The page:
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Fed does not want and cannot raise rates

Relevance up to 07:00 2022-01-20 UTC+00

The US financial market was closed yesterday due to a holiday – Martin L. King Day. Meanwhile, the European market traded in the positive zone amid expectations that the ECB may raise its key interest rate by 20 basis points by the end of this year, and not by 17, as was expected a week earlier.

By setting the direction of monetary policy for the world’s central banks, the US regulator is still confused about the likely dates for the start of raising interest rates, keeping investors worried and forcing them to listen to any Fed rhetoric. However, the market started to be optimistic again after J. Powell announced in the Senate at the beginning of this month that not three, but already four rate hikes were possible this year. As a result, market participants completely focused all their attention on the results of the January meeting of the Central Bank, believing that it will definitely announce the date of the first rate hike this year.

Previously, many believe that the latest inflation data for December will force J. Powell to take this step, and, more importantly, raise rates at the March meeting. However, the latest inflation figures are forcing us to correct our opinion.

What is the reason for these expectations and what can the Fed really afford to do?

It is clear that high inflation forces the regulator to act, and it will have to raise the cost of borrowing. In the current situation, it does not matter when – in March or in July. The main thing is that the Fed simply cannot allow Treasury yields, which are already slowly moving up since the end of last year, to soar due to America’s current economic situation, which is far from healthy due to the lingering problems caused by the 2008-09 crisis and the consequences of COVID-19.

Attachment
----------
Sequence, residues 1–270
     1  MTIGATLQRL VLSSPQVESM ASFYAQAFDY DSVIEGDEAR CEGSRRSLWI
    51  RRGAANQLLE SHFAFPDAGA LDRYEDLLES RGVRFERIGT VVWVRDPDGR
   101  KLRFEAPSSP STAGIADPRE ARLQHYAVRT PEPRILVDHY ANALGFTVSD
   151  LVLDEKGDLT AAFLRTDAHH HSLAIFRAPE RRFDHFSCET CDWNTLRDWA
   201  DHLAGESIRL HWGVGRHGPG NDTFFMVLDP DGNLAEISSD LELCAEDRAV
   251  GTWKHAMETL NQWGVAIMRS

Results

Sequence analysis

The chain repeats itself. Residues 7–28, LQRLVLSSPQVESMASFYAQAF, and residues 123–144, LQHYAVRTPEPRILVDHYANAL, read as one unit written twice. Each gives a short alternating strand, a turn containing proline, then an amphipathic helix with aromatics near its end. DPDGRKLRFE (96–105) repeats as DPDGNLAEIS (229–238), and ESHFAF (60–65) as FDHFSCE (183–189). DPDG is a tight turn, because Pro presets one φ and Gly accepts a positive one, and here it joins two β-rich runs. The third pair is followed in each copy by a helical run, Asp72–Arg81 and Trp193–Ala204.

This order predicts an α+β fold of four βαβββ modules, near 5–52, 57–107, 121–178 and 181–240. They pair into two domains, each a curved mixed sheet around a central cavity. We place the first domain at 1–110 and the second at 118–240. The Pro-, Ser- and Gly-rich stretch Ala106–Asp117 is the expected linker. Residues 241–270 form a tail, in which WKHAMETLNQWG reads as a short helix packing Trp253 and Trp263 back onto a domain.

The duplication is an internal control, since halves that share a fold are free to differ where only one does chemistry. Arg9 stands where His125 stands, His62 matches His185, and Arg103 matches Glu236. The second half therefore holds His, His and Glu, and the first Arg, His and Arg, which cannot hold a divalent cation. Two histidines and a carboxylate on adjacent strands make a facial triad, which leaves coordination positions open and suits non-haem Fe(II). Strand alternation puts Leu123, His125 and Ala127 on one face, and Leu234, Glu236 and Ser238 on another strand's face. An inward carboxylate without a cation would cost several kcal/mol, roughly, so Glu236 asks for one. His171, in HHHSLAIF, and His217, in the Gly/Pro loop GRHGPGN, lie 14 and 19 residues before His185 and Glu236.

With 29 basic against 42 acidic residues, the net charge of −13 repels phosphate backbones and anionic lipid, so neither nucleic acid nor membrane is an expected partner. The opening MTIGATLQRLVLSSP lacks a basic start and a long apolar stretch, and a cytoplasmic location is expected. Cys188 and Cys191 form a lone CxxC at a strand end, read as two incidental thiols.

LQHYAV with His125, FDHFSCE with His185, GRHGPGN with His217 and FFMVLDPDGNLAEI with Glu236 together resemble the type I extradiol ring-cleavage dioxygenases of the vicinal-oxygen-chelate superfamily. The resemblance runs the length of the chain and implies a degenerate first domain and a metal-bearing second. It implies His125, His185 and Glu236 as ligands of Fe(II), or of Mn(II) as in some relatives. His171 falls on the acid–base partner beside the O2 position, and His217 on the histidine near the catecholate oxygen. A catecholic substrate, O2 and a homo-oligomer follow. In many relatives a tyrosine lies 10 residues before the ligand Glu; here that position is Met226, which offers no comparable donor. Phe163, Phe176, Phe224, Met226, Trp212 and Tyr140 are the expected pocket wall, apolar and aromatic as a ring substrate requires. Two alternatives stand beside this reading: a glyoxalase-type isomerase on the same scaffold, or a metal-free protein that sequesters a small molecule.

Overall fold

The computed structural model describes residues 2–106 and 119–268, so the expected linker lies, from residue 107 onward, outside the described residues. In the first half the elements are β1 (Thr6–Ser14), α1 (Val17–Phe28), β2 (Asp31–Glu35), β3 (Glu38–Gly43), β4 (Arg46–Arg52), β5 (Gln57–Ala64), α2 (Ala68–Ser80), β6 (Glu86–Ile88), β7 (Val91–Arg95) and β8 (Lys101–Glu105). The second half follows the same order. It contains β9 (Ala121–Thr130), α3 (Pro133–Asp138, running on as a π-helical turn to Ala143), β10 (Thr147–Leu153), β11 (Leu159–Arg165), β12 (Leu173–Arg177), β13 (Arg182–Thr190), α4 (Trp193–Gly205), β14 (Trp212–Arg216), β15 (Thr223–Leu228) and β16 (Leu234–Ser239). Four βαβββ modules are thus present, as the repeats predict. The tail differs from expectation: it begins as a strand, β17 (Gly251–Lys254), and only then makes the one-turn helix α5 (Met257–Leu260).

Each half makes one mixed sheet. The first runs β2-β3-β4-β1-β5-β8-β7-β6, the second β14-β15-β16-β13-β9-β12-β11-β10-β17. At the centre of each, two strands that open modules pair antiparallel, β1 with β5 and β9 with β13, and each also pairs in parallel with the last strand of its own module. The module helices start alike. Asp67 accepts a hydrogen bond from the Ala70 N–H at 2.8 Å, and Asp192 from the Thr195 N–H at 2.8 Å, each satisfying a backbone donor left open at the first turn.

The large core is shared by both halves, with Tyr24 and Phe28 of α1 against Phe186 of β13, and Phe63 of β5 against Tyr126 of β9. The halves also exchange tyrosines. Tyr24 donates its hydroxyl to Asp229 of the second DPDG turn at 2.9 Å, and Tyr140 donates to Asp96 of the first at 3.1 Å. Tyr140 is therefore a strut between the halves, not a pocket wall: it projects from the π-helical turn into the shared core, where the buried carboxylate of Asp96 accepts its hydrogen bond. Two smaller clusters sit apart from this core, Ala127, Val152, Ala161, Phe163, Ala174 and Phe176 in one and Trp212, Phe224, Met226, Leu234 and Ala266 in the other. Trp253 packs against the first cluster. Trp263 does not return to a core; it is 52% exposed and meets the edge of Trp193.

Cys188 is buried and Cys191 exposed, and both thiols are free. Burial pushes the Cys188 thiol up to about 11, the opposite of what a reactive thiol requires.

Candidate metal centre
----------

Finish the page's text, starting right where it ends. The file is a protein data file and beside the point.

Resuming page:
The economic situation in the US is extremely difficult. High public debt, both internal and external, looms over the current economic problems. The decision to raise rates and actually raise them by 0.25% four times this year will lead to a noticeable increase in government bond yields, and in turn, this will increase the cost of servicing government debt, which is extremely dangerous in modern conditions, as it can lead to default with all the ensuing consequences.

Therefore, the Fed will try to delay the increase in rates, conducting verbal interventions, thereby restraining the inflating of financial bubbles in the stock market. It continues to hope that the inflation rate will slow down and stabilize, and the establishment of supply chains with the end of the pandemic will lead to overstocking of the market and a decrease in inflationary pressure. So, in this situation, it is better for the Central Bank to choose a strategy of observation rather than action.

We believe that the Central Bank will be restrained at the January meeting, but Powell is more optimistic, pointing to signals about a possible stabilization of inflation in the country. We believe that this behavior will be perceived by investors as a signal of a low probability of a rate hike in March and will cause a new wave of demand for risky assets. It is possible that the outcome of the meeting will lead to a steady rally in the stock markets with a simultaneous weakening of the US dollar.

Forecast of the day:

The AUD/USD pair is trading at the level of 0.7200, below which it will decline to 0.7130.

The USD/JPY pair rose amid the Central Bank of Japan’s decision to leave monetary policy unchanged. The pair’s failure to rise above the level of 115.00 could be a basis for a downward reversal towards 113.50.

*The market analysis posted here is meant to increase your awareness, but not to give instructions to make a trade.

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